BRIEF DESCRIPTION OF THE DRAWINGS

The following detailed description will best be understood in conjunction with the accompanying drawings in which:

FIG. 1 is a partial schematic, partial block diagram of a power supply in accordance with the present invention;

FIG. 2 is a waveform diagram of various signals which are produced by particular components of the power supply;

FIG. 3 is a schematic diagram showing the circuit components of various ones of the blocks depicted in FIG. 1; and

FIG. 4 is a schematic diagram representing a portion of the audio signal processing apparatus which is energized by the power of the present invention.

DETAILED DESCRIPTION OF CERTAIN ONES OF THE PREFERRED EMBODIMENTS

Power Supply

Referring now to the drawings and, in particular, to FIG. 1, there is illustrated a partial block, partial schematic diagram of power supply apparatus in accordance with the present invention. The depicted power supply apparatus is adapted to supply an output voltage in response to an input AC line voltage, the output voltage being initially unregulated and subjected to a subsequent regulating operation. Moreover, the power supply apparatus is capable of responding to a wide range of input line voltages while maintaining a substantially narrow range of output voltage and with a ninimum of power dissipation. As a numerical example, an output voltage of approximately 25 volts is produced even if the input line voltage varies from, for example, 90 volts to, for example, 140 volts. Moreover, the teachings of the present invention can be turned to account to further accomodate even higher input line voltages, for example, of 200 volts and more.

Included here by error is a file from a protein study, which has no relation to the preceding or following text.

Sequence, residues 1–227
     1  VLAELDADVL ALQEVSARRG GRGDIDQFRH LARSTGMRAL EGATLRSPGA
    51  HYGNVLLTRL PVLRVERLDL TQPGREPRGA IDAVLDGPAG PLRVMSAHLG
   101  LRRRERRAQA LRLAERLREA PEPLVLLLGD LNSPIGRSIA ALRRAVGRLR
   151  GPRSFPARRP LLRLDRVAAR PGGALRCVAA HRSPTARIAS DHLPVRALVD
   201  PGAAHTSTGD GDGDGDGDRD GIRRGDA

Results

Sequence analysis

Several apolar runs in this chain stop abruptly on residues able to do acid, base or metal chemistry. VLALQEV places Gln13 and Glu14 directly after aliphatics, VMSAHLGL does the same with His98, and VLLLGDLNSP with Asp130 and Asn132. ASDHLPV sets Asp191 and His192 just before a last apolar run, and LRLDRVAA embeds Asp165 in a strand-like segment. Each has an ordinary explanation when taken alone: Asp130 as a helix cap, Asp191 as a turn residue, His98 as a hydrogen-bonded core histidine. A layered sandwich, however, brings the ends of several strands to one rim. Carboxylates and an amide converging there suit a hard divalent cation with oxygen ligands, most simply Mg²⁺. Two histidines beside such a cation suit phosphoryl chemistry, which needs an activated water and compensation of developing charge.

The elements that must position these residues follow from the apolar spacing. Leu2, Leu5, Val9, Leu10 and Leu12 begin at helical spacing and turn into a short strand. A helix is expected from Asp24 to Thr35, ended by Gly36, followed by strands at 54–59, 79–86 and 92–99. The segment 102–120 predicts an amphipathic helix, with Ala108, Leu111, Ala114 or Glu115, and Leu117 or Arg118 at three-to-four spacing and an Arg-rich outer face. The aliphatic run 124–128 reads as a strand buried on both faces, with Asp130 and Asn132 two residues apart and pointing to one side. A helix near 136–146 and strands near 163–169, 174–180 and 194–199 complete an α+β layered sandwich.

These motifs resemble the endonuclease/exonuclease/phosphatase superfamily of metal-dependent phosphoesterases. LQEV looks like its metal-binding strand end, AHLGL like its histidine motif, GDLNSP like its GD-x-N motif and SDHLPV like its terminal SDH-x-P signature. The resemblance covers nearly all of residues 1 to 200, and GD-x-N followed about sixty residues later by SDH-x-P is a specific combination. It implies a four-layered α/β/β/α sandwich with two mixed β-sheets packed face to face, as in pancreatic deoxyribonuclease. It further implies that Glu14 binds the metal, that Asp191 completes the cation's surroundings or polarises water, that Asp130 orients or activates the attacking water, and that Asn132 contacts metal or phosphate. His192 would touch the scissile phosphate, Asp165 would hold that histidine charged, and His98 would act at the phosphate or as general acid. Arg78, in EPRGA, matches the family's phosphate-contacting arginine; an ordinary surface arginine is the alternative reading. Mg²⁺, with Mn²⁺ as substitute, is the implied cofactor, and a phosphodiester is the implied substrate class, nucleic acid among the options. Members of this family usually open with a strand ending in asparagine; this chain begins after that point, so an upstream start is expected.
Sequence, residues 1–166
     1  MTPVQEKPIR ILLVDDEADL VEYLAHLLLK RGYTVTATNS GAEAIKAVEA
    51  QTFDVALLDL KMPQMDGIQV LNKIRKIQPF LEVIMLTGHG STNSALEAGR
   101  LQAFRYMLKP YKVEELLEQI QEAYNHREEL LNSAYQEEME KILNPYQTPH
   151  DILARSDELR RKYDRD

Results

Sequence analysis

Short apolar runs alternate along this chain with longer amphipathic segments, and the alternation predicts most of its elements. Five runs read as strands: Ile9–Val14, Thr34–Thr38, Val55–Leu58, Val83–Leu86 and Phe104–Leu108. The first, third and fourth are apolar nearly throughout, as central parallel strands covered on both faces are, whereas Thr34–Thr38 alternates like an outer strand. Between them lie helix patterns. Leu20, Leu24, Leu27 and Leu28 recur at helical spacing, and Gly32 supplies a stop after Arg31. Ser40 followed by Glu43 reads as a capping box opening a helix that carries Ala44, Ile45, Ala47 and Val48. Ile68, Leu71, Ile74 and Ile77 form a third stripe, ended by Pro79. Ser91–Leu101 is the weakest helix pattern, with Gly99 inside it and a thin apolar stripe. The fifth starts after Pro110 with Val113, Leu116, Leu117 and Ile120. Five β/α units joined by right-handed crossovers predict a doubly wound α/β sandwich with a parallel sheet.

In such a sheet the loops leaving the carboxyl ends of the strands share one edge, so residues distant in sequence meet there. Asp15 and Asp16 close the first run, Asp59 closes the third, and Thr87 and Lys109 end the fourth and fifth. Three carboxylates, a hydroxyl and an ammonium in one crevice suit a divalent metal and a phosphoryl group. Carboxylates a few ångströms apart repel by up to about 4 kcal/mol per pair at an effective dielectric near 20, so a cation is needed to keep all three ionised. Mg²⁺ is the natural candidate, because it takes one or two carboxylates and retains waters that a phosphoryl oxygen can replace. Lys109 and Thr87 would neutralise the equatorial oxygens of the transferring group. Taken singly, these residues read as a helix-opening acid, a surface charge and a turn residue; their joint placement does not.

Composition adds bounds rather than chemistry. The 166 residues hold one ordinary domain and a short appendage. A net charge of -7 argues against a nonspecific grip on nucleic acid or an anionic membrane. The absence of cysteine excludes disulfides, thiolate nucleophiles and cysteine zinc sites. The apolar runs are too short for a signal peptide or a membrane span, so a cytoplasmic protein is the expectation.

The illustrated power supply apparatus is comprised of an input transformer 10 having a primary winding 12 and secondary windings. The secondary windings are comprised of a plurality of sets of windings, only two sets 14 and 16 being shown. The underlying principle of operation of the present invention is to vary the turns ratio between the primary and secondary windings as a function of the input AC line voltage. For example, if the input line voltage falls below a predetermined threshold level, the turns ratio is increased so as to increase the ratio of transformation, thereby maintaining approximately the same output voltage even though the input voltage has been reduced. Conversely, if the input line voltage exceeds a threshold level, the turns ratio is reduced such that the output voltage is approximately the same as the before even though the input voltage has increased. The manner in which the turns ratio is varied is by selectively connecting the sets of secondary windings in series or to disconnect this series connection of sets of secondary windings in accordance with the amplitude variations of the input AC line voltage. This selective series connection is performed automatically by the illustrated apparatus. Thus, as will become apparent, the effective number of turns of the secondary winding is increased when the input AC line voltage is reduced and, conversely, the effective number of turns of the secondary winding is reduced when the input AC line voltage is increased.